Tilt of Earth’s orbit may be due to ancient rogue star somewhere in the Milky Way

In a new study published in this week's issue of Nature, astronomer Konstantin Batygin suggests that tilted planetary orbits may be due to the influence of nearby stars. As a matter of coincidence, the planets in our solar system orbit roughly along the same plane, called 'the ecliptic', which is tilted 7 degrees from the Sun's equator. Batygin's study speaks of companion stars within the same solar system causing this phenomena, so does that suggest that such a massive object caused the tilt of our system?

"Misaligned orbits are actually a natural outcome of disk migration—once you take into account the fact that planetary systems are usually born in multistellar environments," says Batygin, who works at the Harvard-Smithsonian Center for Astrophysics in Cambridge, Massachusetts.

'Disk migration' is a phenomena where, as a planet forms, it slows down in its orbit around its parent star, and it moves closer to its star as a result. Our star system started out as an expansive disk of rock, ice and gas, stretching out far beyond the orbit of Pluto. As the planets formed in this disk, they swept up more and more of the disk's material. As they gained mass and interacted with the matter in the disk, this gradually slowed their orbit and they 'migrated' towards the Sun. Their orbits slowly spiraled inwards until most of the material from the disk was swept up or ejected from the system, and they settled into their current orbits (or very close to them).

In star systems with only one star — like our own — the disk of the star should be lined up with the star's equator, but if there is more than one star in the system — the multistellar environment Batygin refers to — the forces between these stars (especially when one star orbits the other at a far distance) can put some extra 'torque' into the system and skew the planetary disk from the equator of the central star.

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Josh Winn, an astronomer with the Massachusetts Institute of Technology in Cambridge, wants to put Batygin's hypothesis to the test. He has already studied several 'Hot Jupiter' planets — planets the size of Jupiter or larger that orbit very close to their stars — whose orbits are tilted in relation to their star's equator.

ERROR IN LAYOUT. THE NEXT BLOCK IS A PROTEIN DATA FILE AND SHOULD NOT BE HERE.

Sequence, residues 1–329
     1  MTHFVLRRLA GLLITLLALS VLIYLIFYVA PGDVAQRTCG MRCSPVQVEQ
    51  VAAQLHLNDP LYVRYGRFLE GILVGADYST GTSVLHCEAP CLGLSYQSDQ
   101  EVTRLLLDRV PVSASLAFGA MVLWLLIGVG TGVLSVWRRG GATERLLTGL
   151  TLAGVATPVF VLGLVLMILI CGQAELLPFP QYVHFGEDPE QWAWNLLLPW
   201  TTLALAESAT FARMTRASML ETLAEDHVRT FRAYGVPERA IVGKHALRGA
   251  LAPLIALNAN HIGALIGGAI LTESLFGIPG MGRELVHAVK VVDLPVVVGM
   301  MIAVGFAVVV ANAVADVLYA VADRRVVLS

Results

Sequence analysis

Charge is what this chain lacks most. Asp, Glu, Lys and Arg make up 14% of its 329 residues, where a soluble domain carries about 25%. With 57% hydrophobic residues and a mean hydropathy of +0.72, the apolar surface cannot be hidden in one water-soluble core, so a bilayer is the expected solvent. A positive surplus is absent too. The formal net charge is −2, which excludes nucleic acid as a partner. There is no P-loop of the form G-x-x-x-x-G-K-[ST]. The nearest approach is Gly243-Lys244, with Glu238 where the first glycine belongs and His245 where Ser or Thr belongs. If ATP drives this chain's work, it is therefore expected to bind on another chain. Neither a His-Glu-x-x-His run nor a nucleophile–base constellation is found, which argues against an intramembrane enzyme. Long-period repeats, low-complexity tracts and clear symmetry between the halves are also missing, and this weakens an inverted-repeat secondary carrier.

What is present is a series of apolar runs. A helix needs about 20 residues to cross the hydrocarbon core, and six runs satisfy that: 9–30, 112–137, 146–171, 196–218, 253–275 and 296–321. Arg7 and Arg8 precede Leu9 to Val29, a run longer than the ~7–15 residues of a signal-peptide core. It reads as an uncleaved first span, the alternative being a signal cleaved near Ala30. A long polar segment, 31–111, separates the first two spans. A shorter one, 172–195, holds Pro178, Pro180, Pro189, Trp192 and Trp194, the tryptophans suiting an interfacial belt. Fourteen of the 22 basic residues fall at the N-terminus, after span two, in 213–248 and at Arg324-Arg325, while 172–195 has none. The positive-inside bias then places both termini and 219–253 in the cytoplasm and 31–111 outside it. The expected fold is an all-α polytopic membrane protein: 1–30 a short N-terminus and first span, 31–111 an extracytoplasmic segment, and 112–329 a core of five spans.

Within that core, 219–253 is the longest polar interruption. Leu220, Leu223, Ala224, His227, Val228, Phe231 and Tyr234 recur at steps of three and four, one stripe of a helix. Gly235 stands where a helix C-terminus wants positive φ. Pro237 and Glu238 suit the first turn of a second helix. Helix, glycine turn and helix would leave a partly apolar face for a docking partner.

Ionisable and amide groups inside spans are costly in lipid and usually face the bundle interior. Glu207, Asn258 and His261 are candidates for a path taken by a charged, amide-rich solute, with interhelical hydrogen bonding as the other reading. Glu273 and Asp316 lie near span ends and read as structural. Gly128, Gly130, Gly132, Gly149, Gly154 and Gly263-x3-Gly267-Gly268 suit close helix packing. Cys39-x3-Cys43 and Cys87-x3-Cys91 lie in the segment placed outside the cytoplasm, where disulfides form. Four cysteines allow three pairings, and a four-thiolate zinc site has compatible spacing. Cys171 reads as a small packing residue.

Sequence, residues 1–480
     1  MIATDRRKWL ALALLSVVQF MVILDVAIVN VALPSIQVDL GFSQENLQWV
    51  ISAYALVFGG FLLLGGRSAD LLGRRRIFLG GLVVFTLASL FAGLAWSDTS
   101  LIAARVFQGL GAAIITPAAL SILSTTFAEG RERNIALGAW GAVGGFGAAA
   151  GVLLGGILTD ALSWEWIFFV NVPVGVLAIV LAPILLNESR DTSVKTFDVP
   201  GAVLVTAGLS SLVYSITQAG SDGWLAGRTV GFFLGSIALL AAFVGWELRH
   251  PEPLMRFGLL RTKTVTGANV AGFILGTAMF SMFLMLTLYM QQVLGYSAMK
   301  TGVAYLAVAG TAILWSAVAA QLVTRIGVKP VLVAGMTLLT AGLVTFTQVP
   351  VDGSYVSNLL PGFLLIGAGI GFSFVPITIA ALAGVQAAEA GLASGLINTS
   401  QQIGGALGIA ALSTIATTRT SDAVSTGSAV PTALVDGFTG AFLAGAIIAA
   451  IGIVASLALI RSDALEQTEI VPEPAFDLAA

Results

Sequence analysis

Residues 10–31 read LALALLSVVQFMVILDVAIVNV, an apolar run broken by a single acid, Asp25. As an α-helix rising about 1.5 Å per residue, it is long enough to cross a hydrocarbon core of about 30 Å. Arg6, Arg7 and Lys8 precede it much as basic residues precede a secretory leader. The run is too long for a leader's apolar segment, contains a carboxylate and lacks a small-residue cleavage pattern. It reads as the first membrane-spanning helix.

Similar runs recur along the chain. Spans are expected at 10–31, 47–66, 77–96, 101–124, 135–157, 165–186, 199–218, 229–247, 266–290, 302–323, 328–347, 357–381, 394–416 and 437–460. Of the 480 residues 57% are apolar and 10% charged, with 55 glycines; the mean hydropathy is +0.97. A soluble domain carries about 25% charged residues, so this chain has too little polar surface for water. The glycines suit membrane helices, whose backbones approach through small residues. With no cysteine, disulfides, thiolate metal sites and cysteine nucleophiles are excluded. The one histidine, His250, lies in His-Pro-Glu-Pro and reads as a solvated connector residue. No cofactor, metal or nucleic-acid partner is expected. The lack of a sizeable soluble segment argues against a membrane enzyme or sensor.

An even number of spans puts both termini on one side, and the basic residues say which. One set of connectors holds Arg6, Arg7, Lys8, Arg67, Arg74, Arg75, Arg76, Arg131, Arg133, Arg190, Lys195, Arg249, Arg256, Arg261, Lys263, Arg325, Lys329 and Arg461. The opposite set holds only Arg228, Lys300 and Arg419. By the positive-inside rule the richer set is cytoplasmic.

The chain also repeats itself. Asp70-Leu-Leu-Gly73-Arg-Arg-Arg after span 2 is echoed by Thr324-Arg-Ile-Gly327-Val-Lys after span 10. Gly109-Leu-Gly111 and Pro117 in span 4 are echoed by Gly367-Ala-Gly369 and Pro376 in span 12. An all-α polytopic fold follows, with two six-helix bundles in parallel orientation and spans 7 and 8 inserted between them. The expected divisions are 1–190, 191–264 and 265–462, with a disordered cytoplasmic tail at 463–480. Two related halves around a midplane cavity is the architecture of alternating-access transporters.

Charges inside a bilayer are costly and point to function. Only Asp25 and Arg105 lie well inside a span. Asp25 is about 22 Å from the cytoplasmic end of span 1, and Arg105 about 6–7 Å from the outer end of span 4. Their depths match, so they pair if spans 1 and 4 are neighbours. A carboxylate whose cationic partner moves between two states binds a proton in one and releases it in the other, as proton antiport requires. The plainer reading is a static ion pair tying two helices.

"I think it's an entirely plausible idea," he said. "The best thing about it is we can test it."

Astronomers have only examined the orbital tilt of one star system so far: Kepler-30. This system has three planets which show that their orbits line up perfectly with the equator of their single Sun-like star. Winn plans on examining more multi-planet systems to find if their orbits also line up like in Kepler-30.

As for multi-stellar systems, Batygin predicts that we will find many tilted orbits for planets around these stars. Just recently, astronomers discovered an Earth-sized planet orbiting the second star of the Alpha Centauri system — the closest star system to our own — and examining this close neighbor will be a very good way to test this idea.

"There's a good chance that astronomers will find misalignment in the Alpha Centauri system," Batygin said.

As for our star system, with its 7 degree tilt from the Sun's equator, despite us only having the single star, Batygin has an idea about that too: He believes that our Sun once had a distant companion star, that was around long enough to tilt the orbit of the planets, but was somehow kicked out of the system at some time in the distant past, turning it into a rogue star.

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"I think somewhere in the Milky Way, there's a star that's responsible for tilting us." he said.